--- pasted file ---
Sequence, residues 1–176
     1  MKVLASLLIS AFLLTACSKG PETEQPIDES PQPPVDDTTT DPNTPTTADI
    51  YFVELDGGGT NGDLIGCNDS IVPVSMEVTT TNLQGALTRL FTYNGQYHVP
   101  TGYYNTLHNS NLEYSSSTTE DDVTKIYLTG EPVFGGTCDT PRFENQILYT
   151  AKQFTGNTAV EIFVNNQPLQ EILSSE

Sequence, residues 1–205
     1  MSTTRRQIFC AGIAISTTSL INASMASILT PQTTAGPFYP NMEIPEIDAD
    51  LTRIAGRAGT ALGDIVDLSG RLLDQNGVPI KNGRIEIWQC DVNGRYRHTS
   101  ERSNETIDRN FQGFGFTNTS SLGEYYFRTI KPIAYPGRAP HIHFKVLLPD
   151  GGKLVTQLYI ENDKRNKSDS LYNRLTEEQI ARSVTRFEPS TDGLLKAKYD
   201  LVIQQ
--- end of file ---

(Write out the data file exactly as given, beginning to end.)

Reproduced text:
Sequence, residues 1–176
     1  MKVLASLLIS AFLLTACSKG PETEQPIDES PQPPVDDTTT DPNTPTTADI
    51  YFVELDGGGT NGDLIGCNDS IVPVSMEVTT TNLQGALTRL FTYNGQYHVP
   101  TGYYNTLHNS NLEYSSSTTE DDVTKIYLTG EPVFGGTCDT PRFENQILYT
   151  AKQFTGNTAV EIFVNNQPLQ EILSSE

Sequence, residues 1–205
     1  MSTTRRQIFC AGIAISTTSL INASMASILT PQTTAGPFYP NMEIPEIDAD
    51  LTRIAGRAGT ALGDIVDLSG RLLDQNGVPI KNGRIEIWQC DVNGRYRHTS
   101  ERSNETIDRN FQGFGFTNTS SLGEYYFRTI KPIAYPGRAP HIHFKVLLPD
   151  GGKLVTQLYI ENDKRNKSDS LYNRLTEEQI ARSVTRFEPS TDGLLKAKYD
   201  LVIQQ